While the likes of Robert Austerlitz and Roman Jakobson did some initial work reconstructing the language history of Nivkh, much remains, especially in terms of the vowel system of Nivkh.
Nivkh, a critically endangered language isolate spoken in the Russian Far East, can roughly be divided into two dialect groups: Amur-Northwest Sakhalin (abbreviated NWN) varieties and Southeast Sakhalin (abbreviated SEN) varieties. Speakers reportedly claim further differences to be small, and no thorough research has been done on the language up to this point (Shiraishi 2006: 10–12).
One interesting correspondence has to do with /ɨ/. It seems that at least two vowel phonemes underwent a merger to /ɨ/ in the Amur-Northwest Sakhalin varieties, but not in the Southeast Sakhalin varieties, which have either /ɨ/ or /a/. Some examples (all data taken from Savel’eva and Taksami 1970):
(1) NWN [mrɨ-] ‘to swim’
SEN [mra-] ‘to swim’
(2) NWN [ŋɨŋg] ‘hair’
SEN [ŋamx] ‘hair’
(3) NWN [vɨlki] ‘chain’
SEN [valki] ‘chain’
(3) NWN [indɨ-] (with no direct object) ~ [ŋr̥ɨ-] (with no DO) ‘to see’
SEN [idɨ-] (w/ no DO) ~ [ŋr̥ɨ-] (/w DO) ‘to see’
PN ?*(i-)ŋr̥ɨ- ‘to see’
(4) NWN [kɨls] ‘length’
SEN [kɨlr̥] ‘length’
(2) is a bit suspicious, due to the number of changes needed between NWN [ŋɨŋg] and SEN [ŋamx]—the deletion of the second vowel, the assimilation of PN *m to NWN [ŋ] due to the following velar, the spirantization of PN *k to SEN [x], and the voicing assimilation of PN *mk to NWN [ŋg], but I think these forms are ultimately cognate.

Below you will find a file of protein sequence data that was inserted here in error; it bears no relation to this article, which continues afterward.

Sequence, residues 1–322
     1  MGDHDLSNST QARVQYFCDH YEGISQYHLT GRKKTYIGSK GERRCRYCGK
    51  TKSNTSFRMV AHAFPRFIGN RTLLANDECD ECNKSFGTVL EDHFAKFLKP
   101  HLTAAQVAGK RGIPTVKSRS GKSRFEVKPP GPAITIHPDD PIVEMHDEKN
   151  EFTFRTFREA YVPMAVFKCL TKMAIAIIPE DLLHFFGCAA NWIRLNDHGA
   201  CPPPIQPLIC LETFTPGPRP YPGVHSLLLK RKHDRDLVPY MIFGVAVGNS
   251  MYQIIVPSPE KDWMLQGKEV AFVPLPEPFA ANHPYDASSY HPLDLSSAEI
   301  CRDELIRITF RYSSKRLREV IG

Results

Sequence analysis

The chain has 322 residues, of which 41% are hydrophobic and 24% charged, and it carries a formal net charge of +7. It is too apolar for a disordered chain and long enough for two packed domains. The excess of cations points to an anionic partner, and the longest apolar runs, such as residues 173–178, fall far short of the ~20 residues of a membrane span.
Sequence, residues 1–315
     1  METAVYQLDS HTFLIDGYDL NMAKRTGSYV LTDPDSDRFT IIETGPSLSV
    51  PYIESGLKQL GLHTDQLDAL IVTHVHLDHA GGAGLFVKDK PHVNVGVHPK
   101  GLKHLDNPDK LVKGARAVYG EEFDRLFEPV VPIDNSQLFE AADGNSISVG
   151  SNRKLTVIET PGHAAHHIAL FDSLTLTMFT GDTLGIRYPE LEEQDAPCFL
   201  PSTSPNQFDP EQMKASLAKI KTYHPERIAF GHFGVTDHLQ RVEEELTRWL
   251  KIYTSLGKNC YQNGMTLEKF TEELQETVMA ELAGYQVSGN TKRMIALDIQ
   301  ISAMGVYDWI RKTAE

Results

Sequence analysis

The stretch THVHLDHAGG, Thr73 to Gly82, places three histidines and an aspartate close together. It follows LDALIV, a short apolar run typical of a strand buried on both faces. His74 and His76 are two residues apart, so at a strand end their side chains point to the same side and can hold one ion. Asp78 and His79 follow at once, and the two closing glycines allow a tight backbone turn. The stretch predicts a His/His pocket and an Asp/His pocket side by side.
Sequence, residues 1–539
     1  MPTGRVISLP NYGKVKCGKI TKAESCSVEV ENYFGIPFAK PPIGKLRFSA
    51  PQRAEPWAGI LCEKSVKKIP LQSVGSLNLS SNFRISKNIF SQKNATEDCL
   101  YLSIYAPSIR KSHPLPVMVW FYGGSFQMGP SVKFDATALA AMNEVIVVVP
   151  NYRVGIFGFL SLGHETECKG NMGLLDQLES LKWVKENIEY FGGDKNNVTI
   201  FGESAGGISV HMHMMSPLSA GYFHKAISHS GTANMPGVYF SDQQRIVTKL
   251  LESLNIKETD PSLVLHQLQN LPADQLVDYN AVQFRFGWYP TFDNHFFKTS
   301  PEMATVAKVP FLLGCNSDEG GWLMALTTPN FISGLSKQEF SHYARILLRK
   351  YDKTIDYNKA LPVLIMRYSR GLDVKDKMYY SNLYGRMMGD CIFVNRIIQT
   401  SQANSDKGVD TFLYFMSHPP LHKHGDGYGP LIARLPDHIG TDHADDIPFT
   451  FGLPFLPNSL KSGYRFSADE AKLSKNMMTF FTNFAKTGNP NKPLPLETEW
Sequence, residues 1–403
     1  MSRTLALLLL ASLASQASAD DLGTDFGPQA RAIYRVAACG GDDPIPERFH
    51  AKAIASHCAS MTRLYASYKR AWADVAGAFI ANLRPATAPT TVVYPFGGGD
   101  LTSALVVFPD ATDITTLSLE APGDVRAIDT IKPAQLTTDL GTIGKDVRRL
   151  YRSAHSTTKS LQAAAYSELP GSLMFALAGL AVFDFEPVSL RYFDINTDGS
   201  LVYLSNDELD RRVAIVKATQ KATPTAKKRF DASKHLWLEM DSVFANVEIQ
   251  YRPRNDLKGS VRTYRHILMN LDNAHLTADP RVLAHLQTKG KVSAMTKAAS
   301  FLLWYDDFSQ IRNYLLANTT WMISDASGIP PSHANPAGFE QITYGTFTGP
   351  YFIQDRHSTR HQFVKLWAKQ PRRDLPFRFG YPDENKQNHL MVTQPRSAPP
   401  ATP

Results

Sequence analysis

Another interesting thing is the large number of consonant clusters found in Nivkh. This is unlike the situation found its neighbors, and, both internal variation as well as loanwords into Ainu and Ul’ta (Orok) make it clear that this vowel loss is recent. A good example of this is the word for ‘reindeer’, where we have good internal evidence, as well as good external evidence—the Nivkh word was loaned into Ainu and into Japanese.
(5) NWN [cʰolŋi]
Sakhalin Ainu [tunakaj]
It is likely that Nivkh /ŋ/ has a secondary origin, from earlier *nk. Also interesting, but perhaps not at all surprising, is the correspondence of Nivkh [l] to Sakhalin Ainu [n]—unsurprising because Ainu does not have [l]. The internal evidence points to just final *-i, while the external evidence points to a final diphthong, *-ai. Here I privileged the former kind of evidence over the latter.
Finally, I still have no good explanation for the distribution of [cʰ] and [t], which I reconstruct with the placeholder *T. Compare the above with the word for ‘tree’, which is frustratingly reversed in terms of which group has which consonant:
(6) NWN [tiɣr] ‘tree’
SEN [cʰxar̥] ‘tree’
PN ?*Tikar̥ (n.b., initial and medial fricatives are secondary in Nivkh)
Savel’eva, Valentina Nikolaevna and Chuner Mixaylovich Taksami. 1970. Nivxsko-Russkiy Slovar’ [Nivkh-Russian Dictionary]. Moscow: Sovetskaya Entsiklopediya.
Shiraishi, Hidetoshi. 2006. Topics in Nivkh Phonology. PhD dissertation: Rijksuniversiteit Groningen.